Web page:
Because the shop is slammed and our technical staff consists of mostly me, the days are a blur of varied tasks seen through fogged glasses over a mask. If anyone says "it's good to be busy" I always point out that there are limits, and that surge workloads are like getting your whole year's worth of meat intake by having a couple of large pot roasts shoved down your throat. Dry.

Tuesday, November 17, 2020

Between earwax and shrapnel...

 When Shimano dedicated itself to index-only, ratcheted shifting in 1990, it ushered in a whole new era of problems in bike maintenance and repair. Not even they knew what all could go wrong. It was also the beginning of a more predatory relationship with customers. As technology proliferated through the 1990s, customers became test pilots for complicated mechanisms being rushed to market to secure a competitive sales advantage while consumers were spending indiscriminately. The industry focused its efforts on redirecting the surge of enthusiasm for riding into a surge of enthusiasm for buying things.

Some changes really are improvements, but did we really need "model years" like cars? Hell no. Lots of people would have been happy to buy bikes that looked the same from year to year and were equipped with simple componentry that performed reliably. But as soon as "Rapidfire" was introduced, the concept had to be refined to replace its initial flaws with newer, flashier ones.

Shimano warned us from the beginning to stay out of the mysterious interior of their magical devices. "You can't fix anything in there, so don't even try." At the time, one of the bike mags had a snippet about a couple of intrepid mechanics who disassembled brand new Rapidfire shifters and reassembled them exactly as they came apart, and the shifters failed to work. This implied that we wrench-monkeys couldn't handle the precision mechanism of tiny parts in perfect synchronization inside those sophisticated shifter pods. Having peeked under the hood, we could believe it. "If it quits working, replace it," said Shimano. Now I wonder if the article was disinformation to discourage exploration.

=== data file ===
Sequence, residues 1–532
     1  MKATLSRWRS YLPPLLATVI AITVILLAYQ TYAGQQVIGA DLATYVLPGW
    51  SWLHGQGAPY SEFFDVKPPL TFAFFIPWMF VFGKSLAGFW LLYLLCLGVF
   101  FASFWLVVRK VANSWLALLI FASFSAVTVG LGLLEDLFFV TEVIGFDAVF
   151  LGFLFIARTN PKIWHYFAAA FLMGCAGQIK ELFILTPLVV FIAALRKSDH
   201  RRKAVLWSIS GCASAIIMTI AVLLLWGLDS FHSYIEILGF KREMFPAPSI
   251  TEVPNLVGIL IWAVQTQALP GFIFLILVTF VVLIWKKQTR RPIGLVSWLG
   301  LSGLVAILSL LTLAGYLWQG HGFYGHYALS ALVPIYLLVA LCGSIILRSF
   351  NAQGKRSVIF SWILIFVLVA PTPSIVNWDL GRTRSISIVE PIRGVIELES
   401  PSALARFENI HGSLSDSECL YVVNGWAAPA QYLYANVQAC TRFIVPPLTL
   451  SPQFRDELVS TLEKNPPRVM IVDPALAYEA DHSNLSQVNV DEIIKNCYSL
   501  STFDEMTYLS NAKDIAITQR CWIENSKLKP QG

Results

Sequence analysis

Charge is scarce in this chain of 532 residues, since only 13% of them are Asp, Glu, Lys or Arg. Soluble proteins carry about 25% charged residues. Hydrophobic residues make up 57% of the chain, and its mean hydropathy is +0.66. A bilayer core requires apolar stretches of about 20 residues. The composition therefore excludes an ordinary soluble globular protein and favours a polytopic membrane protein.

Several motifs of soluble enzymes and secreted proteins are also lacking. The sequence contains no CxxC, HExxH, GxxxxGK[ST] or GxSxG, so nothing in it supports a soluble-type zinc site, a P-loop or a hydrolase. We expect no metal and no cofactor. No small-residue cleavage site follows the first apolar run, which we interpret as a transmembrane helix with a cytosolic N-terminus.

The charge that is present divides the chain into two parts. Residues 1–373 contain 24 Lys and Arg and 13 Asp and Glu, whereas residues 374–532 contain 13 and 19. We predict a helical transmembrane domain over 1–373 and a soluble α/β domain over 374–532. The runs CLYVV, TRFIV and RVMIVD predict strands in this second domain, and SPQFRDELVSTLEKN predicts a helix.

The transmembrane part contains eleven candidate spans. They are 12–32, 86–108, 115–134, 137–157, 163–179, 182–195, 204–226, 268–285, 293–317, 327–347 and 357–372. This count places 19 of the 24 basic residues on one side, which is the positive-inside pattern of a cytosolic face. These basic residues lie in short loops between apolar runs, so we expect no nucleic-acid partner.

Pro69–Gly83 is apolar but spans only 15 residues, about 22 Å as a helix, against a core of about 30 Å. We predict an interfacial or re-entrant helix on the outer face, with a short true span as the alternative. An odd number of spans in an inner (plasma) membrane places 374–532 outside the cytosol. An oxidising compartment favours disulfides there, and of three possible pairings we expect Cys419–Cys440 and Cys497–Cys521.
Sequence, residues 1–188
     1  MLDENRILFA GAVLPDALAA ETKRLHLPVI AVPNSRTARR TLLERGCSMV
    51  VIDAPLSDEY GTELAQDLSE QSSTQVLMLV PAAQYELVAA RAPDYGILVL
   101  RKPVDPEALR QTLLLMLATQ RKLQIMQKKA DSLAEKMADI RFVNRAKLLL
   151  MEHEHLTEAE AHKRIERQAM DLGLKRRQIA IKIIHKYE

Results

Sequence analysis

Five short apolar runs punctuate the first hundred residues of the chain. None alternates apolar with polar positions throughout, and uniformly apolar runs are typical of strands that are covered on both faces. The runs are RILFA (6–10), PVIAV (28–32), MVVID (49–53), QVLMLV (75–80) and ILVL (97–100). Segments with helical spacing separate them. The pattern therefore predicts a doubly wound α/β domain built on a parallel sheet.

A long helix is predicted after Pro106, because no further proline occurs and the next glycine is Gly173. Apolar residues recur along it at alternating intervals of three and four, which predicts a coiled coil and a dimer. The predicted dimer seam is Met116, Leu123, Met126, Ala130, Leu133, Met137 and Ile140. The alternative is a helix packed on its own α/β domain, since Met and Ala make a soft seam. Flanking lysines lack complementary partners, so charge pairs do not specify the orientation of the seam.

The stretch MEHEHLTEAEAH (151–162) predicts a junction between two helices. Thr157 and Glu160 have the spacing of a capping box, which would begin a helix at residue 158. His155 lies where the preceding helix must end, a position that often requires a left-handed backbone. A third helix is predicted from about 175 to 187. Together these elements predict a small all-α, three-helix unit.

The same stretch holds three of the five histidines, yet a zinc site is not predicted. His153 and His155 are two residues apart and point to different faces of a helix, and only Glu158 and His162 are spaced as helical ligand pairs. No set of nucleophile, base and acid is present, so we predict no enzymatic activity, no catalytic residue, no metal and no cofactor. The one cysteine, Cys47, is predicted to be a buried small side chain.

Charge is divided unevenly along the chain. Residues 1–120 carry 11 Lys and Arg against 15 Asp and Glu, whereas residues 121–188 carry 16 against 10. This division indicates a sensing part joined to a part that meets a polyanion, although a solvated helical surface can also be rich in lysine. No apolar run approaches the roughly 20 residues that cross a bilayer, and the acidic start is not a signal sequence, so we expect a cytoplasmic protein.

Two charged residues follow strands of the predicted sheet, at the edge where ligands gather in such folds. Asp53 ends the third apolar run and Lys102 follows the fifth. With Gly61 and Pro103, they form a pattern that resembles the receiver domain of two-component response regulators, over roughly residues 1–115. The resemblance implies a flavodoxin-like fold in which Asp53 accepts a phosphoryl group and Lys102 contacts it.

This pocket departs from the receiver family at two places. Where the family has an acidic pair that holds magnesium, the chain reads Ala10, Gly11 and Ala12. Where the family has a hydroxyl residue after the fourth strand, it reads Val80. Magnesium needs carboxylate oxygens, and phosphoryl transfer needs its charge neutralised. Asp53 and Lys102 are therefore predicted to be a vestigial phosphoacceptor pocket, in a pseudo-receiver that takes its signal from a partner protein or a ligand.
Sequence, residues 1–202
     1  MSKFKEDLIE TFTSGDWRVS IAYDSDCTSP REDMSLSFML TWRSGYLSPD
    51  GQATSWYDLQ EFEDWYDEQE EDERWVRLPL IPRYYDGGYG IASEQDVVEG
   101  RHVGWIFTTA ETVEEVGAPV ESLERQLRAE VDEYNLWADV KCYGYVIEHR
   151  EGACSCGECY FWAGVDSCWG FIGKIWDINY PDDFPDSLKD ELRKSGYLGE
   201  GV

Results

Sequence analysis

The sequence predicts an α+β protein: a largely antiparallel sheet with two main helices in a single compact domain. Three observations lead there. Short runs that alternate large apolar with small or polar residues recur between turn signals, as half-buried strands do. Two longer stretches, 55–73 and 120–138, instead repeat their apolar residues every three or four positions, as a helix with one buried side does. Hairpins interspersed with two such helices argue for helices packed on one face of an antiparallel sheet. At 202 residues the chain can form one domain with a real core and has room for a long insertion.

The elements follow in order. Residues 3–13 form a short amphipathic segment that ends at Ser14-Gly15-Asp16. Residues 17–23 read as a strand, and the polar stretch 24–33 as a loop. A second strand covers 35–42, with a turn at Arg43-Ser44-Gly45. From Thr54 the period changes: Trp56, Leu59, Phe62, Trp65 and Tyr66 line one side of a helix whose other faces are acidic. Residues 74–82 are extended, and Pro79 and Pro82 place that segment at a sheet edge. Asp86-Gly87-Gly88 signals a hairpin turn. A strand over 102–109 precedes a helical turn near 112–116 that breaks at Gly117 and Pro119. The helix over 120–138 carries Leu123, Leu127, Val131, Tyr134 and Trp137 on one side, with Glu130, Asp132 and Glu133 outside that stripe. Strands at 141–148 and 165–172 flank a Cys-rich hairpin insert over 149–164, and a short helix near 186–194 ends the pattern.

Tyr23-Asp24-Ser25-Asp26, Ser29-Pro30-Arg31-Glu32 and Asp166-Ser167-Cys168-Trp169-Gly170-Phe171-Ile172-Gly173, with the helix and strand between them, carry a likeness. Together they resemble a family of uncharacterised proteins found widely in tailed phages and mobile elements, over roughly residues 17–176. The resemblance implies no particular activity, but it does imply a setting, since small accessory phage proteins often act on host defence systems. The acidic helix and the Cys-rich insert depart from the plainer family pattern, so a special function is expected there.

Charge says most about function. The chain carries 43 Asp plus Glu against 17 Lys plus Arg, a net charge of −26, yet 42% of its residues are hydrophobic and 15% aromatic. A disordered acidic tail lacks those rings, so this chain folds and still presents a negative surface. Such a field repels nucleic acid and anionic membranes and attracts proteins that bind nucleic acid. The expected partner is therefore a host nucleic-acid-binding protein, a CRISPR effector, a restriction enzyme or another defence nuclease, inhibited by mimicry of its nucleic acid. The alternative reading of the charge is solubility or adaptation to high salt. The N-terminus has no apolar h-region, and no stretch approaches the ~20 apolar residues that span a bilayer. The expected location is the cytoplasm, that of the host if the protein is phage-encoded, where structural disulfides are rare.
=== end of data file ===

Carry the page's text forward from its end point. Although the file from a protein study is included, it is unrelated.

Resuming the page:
Years later, out of necessity, we discovered that the most common reason for a Rapidfire shifter to fail is congealed factory grease. Ralph dubbed it earwax because that's what it looked and acted like. Clean out the earwax and most non-functioning Rapidfire shifters of any generation start to work again. You have to be careful to follow up with a light but persistent oil to keep the mechanism from freezing up later either from residual grease drying out or from micro-corrosion because all of those tiny levers and springs are no longer protected by the original petroleum product. Fun fact: before Shimano factory grease turns to earwax it looks a lot like pus.

When the road version hit the scene, it integrated the shifting into the brake levers. Other manufacturers had to follow suit. Asian componentry had always had an edge because it usually cost less -- sometimes a lot less -- than the top European stuff, notably the coveted Campagnolo. Campy's Ergopower shifters had better ergonomics than Shimano, by keeping the brake lever as a brake lever, and using a thumb lever for the upshift. Campy was also completely serviceable. Many parts transferred from one model year to the next. But it's pricey, and other aspects of the gruppo might guide a rider to choose Shimano. Because corporate warfare was in full swing, you had to commit to the whole package. There was little that you could mix and match. Riders suffer so that corporate coffers can benefit. The world becomes a worse place because the parties in power focus on their power rather than promoting the general welfare and ensuring domestic tranquility.